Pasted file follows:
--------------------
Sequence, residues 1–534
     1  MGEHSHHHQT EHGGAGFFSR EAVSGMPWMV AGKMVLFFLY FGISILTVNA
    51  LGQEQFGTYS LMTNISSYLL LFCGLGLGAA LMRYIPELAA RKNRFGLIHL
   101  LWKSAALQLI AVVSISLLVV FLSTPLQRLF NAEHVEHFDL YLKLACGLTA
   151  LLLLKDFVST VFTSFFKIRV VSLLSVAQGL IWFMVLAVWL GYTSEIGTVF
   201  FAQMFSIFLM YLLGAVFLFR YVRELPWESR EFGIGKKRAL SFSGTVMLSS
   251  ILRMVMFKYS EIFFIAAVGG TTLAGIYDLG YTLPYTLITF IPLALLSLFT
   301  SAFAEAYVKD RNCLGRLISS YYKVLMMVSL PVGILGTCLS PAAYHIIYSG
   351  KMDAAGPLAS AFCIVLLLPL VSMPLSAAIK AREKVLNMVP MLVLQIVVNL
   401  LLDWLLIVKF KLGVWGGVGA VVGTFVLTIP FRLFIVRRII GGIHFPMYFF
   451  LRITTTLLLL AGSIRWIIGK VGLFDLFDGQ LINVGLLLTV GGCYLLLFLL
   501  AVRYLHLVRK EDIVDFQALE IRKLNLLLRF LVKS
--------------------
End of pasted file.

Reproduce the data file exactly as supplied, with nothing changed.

Sequence, residues 1–534
     1  MGEHSHHHQT EHGGAGFFSR EAVSGMPWMV AGKMVLFFLY FGISILTVNA
    51  LGQEQFGTYS LMTNISSYLL LFCGLGLGAA LMRYIPELAA RKNRFGLIHL
   101  LWKSAALQLI AVVSISLLVV FLSTPLQRLF NAEHVEHFDL YLKLACGLTA
   151  LLLLKDFVST VFTSFFKIRV VSLLSVAQGL IWFMVLAVWL GYTSEIGTVF
   201  FAQMFSIFLM YLLGAVFLFR YVRELPWESR EFGIGKKRAL SFSGTVMLSS
   251  ILRMVMFKYS EIFFIAAVGG TTLAGIYDLG YTLPYTLITF IPLALLSLFT
   301  SAFAEAYVKD RNCLGRLISS YYKVLMMVSL PVGILGTCLS PAAYHIIYSG
   351  KMDAAGPLAS AFCIVLLLPL VSMPLSAAIK AREKVLNMVP MLVLQIVVNL
   401  LLDWLLIVKF KLGVWGGVGA VVGTFVLTIP FRLFIVRRII GGIHFPMYFF
   451  LRITTTLLLL AGSIRWIIGK VGLFDLFDGQ LINVGLLLTV GGCYLLLFLL
   501  AVRYLHLVRK EDIVDFQALE IRKLNLLLRF LVKS